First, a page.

Tag: voters

Yeah, Right

So the United States has resumed its wild, impetuous stab at having a functioning government. After this latest farce, internet sites are alive with comments along the lines of the following:

“We need to kick out every member of Congress and start fresh.”

I know we live in a country where nearly half the citizens people can’t name the vice president, but I find it hard to believe anybody is so ignorant of the political process that he or she thinks voting out all 535 members of Congress is a realistic option.

capitol

We’ll start with the fact that elections are staggered (hence the term “midterm election”). As such, I doubt anybody’s rage is going to last another five years or so, which is how long it would take to excise all the offending congressmen and women. And we’ll add on the stat that while most people hate Congress, they tend to like their own reps, so we will likely see most of these supposedly toxic incumbents return.

This idea is even less practical and more insane than the delusional belief, which I’ve written about before, that we can easily deport 11 million undocumented immigrants.

In the interest of saving time, here are some other political ideas I’ve heard recently that appear just as likely to happen.

“We need to separate into two different countries. Red states and blue states.” (I’m pretty sure we fought a war about this, and the outcome was rather conclusive. We appear to be stuck with one another for the foreseeable future.)

“We need a task force of really smart leaders who will come up with bipartisan solutions to our problems.” (That’s what Congress is supposed to be.)

“We need to mandate IQ tests to make sure people are smart enough to vote.” (Anyone who thinks an IQ test accurately measures political acumen probably doesn’t have a very high IQ.)

“We need to confiscate every gun in America that’s not in the hands of the police or military.” (It amazes me how liberals think that Second Amendment advocates—many of whom are paranoid and all of whom are armed—will somehow go along with this idea.)

“We need to use Jurassic Park-type technology to reanimate the Founding Fathers so they can tell us their original intent regarding the Constitution.” (OK, I made this one up, but wouldn’t that be cool?)


Postmortem

Once again, thanks to Ankhesen Mie for her always insightful comments. Building off that last post, and reneging on my claim that I would not go further into the results of last week’s midterm elections, I have to add one small snowball to the avalanche of analysis that is still cascading down the internet.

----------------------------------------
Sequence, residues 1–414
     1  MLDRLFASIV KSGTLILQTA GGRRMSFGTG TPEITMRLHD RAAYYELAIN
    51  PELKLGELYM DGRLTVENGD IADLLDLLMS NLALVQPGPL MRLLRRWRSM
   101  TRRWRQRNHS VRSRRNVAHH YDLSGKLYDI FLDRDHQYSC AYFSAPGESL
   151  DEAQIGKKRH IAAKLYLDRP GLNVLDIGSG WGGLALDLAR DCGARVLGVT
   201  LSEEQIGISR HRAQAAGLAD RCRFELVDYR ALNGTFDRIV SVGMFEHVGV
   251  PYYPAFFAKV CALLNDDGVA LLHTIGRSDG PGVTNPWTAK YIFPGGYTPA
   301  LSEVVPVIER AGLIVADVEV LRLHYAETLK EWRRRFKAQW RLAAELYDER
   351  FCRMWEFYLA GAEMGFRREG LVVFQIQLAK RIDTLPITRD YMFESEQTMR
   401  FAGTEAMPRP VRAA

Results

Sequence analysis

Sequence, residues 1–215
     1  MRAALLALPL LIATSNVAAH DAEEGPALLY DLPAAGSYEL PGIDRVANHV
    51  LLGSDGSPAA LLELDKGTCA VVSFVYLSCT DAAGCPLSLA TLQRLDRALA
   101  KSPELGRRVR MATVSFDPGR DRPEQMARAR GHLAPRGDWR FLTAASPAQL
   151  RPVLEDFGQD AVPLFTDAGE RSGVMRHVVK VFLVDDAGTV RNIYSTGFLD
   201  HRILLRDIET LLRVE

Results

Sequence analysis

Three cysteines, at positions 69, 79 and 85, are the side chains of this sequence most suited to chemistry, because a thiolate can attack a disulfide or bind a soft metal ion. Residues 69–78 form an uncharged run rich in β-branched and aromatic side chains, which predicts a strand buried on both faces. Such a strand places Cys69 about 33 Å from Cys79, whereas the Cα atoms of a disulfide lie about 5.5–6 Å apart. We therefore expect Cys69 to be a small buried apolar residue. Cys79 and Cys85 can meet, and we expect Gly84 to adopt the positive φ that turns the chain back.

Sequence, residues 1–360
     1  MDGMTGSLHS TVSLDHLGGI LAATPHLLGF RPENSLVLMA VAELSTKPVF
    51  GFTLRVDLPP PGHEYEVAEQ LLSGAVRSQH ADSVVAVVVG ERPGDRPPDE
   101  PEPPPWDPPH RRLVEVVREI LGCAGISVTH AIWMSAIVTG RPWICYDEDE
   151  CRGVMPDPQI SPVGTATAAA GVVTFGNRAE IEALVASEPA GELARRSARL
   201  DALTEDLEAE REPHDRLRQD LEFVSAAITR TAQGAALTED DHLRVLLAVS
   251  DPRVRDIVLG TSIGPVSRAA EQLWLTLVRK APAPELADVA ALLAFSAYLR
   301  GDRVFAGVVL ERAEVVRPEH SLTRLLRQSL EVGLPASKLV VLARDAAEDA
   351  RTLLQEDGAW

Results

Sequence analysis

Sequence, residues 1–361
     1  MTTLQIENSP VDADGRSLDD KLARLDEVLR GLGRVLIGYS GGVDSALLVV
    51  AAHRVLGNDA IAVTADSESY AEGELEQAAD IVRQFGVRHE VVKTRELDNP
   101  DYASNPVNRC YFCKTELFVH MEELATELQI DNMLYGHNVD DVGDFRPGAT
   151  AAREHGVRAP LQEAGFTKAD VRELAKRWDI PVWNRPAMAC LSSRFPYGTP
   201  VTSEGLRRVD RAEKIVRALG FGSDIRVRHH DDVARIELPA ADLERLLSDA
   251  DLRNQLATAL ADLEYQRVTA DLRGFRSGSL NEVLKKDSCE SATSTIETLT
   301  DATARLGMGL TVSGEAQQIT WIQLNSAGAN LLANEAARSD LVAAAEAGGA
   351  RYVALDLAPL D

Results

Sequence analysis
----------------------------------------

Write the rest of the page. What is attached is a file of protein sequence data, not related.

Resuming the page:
As I wrote previously, the GOP gambled that by firing up their base, they would be the big winners on November 2. One of the ways they did this was by appealing to the fears of older white voters. As Speaker Boehner can tell you, this strategy worked.

However, my pals at the Huffington Post have pointed out something that I also noticed. The GOP approach may have backfired more than celebrating Republicans would care to admit.

This is because, despite their success at reclaiming the House, “their hopes of controlling the Senate as well were stymied by a firewall of Latino voters who were outraged by Republican demonization of Latino immigrants.”

Yes, although Republicans coasted to victory nationwide, some of the most virulent conservatives in Senate races failed to capitalize. For example, in Nevada, Sharron Angle — a woman who never saw a race-baiting ad she didn’t like — lost to the embattled Harry Reid. His margin of victory can be attributed to the fact that he earned “a whopping 90 percent” of the Hispanic vote, which “was up from 12 percent of the electorate in the 2006 midterms to 15 percent in 2010.”

Similarly, in Colorado, Illinois, and my current home state of California, Latinos were the difference in high-profile Senate and governor races. It appears, therefore, that more than a few Hispanics were mobilized to vote against politicians they saw as actively hostile to them.

Again, I’m not saying that all Republicans are racists. But it’s clear that Hispanics heard the rhetoric that conservatives employed in this election and didn’t see it “as a difference about a policy or issue. It directly offended the Latino community’s sense of identity, pride and self-worth.”

Now, it’s true that many Latino Republicans won elections last week, a sign that at least some Hispanics are OK with the GOP label. However, it’s also true that in eight key states, “Latinos overall voted for Democrats over Republicans by approximately 75 percent to 25 percent — a 3 to 1 margin.”

In sum, the short-term benefits for Republicans may not have been worth it. This is because Hispanics (and you know this fact already) are the nation’s fastest-growing demographic, and “as the Latino population continues to grow, it will rapidly become impossible to put together an electoral majority … with that kind of Hispanic opposition.”

Of course, Republicans aren’t so dumb or oblivious that they haven’t noticed this development. Their hope, of course, is that by the time the next election comes around, Hispanics will have forgotten that much of the GOP message this time was based on lambasting Latinos. Party leaders are assuming that Hispanics will lapse into amnesia when casting their votes.

This is not crazy. After all, it’s apparently what happened to everyone else in the country last Tuesday.


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